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AuthorsSutherland, I. W.
MetadataShow full item record
AbstractSpecific micromethods have been applied to the analyses of polysaccharides produced by various strains of Myxobacteria. The polysaccharides studjed were - associated with bacillary forms in liquid and on solid culture; isolated from fruiting bodies; and phenol-extractable lipopolysaccharides. A study of four Myxococcus strains indicated that polysaccharides secreted by bacillary forms grown on solid or liquid media closely resembled the polymers isolated from the corresponding fruiting bodies. All three polysaccharide preparations from each strain were essentially similar in gross composition, but differences between the strains were observed. D-glucose and D-mannose were the major monosaccharides present in all the polysaccharide preparations. D-galactose was present in the polymers from three strains and N-acety1-D-glucosamine in one only. The non-identity of polymers from different strains was confirmed by periodate-oxidation, which revealed differential destruction of monosaccharides. It also indicated that the polysaccharides from any one strain produced on solid or in liquid culture and in fruiting bodies were very similar, if not identical. Some of the monomers present in exopolysaccharides were also found in the lipopolysaccharides, but other monosaccharides were also detected. Periodate oxidation destroyed all the neutral sugars present in the lipopolysaccharides. The microcysts isolated from fruiting bodies differed from bacilli in their polysaccharide composition; LPS was apparently absent. In one strain, the major neutral monosaccharides detected in hydrolysates of whole cysts were glucose and an unidentified component. Rhamnose, mannose and galactose, the major products identified in LPS hydrolysates, were all absent. This provides further evidence for the absence of LPS from cysts. These studies have been extended to other strains of fruiting Myxobacteria. They indicate that the exopolysaccharides are composed of a very limited range of sugars, but that differences in composition or structure do exist between strains although probably not between fruiting body and bacillary products. A comparision has been made between Myxozcoccus and one Cystobacter strain in all available respects, using bacilli and microcysts. These and other results will be discussed.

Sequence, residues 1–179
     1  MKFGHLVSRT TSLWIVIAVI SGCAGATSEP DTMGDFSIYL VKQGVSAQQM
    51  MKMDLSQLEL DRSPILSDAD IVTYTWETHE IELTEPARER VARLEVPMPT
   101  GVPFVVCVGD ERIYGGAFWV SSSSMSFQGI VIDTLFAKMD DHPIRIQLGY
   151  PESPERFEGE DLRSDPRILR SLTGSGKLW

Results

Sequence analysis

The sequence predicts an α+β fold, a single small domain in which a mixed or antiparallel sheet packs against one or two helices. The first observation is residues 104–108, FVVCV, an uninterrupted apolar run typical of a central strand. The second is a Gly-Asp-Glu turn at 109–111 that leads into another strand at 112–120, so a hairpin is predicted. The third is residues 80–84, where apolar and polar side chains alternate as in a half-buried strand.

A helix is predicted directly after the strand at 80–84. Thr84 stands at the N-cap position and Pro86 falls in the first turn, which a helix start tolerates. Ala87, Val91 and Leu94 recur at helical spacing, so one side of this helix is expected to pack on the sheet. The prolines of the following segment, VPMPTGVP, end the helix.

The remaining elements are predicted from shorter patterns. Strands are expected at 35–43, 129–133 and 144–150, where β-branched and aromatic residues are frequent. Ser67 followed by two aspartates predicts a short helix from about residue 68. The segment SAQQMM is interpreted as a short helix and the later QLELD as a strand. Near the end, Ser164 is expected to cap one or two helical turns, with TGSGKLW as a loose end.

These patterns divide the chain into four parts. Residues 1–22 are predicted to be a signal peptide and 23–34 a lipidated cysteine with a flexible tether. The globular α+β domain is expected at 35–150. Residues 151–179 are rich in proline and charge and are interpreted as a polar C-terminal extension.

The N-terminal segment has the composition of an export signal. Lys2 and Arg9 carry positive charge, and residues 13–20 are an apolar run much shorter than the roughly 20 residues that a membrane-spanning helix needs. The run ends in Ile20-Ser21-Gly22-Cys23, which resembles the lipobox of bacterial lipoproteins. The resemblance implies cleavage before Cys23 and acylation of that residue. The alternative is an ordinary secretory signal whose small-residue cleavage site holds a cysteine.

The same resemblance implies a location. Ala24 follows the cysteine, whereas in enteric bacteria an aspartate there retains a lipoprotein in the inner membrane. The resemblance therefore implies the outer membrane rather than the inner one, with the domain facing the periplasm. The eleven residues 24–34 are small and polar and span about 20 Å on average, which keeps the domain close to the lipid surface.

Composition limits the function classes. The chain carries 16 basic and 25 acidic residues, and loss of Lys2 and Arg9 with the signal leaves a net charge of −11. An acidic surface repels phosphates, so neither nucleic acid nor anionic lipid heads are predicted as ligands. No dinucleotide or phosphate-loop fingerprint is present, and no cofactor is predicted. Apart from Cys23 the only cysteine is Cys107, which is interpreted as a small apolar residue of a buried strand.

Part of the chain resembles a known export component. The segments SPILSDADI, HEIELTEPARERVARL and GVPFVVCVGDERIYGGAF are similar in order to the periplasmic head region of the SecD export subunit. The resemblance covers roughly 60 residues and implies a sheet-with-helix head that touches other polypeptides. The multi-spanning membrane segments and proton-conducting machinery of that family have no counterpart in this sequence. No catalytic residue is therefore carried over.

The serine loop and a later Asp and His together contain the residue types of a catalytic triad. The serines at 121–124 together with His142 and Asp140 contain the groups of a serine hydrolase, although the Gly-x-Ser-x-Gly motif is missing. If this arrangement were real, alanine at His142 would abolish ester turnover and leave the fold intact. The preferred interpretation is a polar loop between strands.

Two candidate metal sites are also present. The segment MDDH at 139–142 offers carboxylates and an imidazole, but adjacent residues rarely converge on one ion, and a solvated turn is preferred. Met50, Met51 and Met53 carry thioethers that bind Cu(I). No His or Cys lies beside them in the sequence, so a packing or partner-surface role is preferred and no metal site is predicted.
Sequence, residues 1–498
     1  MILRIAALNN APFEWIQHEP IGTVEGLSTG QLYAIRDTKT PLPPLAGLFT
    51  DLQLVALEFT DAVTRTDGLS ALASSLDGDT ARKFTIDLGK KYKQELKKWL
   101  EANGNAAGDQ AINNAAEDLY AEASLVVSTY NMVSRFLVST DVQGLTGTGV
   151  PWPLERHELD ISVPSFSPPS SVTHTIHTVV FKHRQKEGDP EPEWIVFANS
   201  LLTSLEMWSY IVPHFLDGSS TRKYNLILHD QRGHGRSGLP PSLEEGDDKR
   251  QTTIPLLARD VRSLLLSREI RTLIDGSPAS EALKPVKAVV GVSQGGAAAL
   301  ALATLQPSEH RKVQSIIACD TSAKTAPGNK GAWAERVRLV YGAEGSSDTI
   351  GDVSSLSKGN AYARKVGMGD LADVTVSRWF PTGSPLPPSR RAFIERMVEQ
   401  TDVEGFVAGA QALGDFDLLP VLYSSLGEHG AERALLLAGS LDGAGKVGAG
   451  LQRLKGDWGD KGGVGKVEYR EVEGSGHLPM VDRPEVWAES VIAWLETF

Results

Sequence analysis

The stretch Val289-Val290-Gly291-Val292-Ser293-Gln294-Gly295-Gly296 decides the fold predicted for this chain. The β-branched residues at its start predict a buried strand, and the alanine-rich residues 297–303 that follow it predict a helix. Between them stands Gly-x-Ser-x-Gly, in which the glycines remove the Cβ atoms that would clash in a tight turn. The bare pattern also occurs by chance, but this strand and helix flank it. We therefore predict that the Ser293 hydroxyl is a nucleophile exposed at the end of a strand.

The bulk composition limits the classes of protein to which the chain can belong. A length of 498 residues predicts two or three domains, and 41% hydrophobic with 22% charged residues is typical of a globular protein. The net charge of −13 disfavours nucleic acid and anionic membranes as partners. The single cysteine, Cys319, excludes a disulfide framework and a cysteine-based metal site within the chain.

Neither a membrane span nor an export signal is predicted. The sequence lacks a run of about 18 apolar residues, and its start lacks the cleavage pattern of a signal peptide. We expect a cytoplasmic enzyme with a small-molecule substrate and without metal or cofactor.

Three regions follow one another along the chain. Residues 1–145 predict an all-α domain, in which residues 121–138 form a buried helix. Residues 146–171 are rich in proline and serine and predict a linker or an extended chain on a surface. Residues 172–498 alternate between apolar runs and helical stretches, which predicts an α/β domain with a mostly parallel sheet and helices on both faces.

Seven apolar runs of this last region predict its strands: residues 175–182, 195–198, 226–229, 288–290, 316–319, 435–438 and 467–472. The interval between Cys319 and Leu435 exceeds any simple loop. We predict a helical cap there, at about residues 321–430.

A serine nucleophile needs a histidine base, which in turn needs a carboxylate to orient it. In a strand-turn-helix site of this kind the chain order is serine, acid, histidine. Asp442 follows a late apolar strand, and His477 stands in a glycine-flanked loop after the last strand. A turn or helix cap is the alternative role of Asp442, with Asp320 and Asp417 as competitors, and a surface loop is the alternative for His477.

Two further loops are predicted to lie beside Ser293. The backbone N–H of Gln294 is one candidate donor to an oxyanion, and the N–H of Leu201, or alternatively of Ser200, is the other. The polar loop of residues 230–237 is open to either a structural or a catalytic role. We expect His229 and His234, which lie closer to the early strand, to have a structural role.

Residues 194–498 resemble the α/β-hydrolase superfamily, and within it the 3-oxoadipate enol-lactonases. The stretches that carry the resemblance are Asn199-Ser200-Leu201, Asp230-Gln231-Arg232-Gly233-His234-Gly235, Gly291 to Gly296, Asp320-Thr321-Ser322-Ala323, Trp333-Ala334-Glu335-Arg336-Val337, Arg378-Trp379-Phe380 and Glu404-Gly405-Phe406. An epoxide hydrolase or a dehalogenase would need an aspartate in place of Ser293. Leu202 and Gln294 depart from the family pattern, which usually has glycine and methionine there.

Citation2nd International Symposium on the Biology of Myxobacteria, 4
AffiliationDepartment of Microbiology, Edinburgh University Edinburgh ‚United Kingdom
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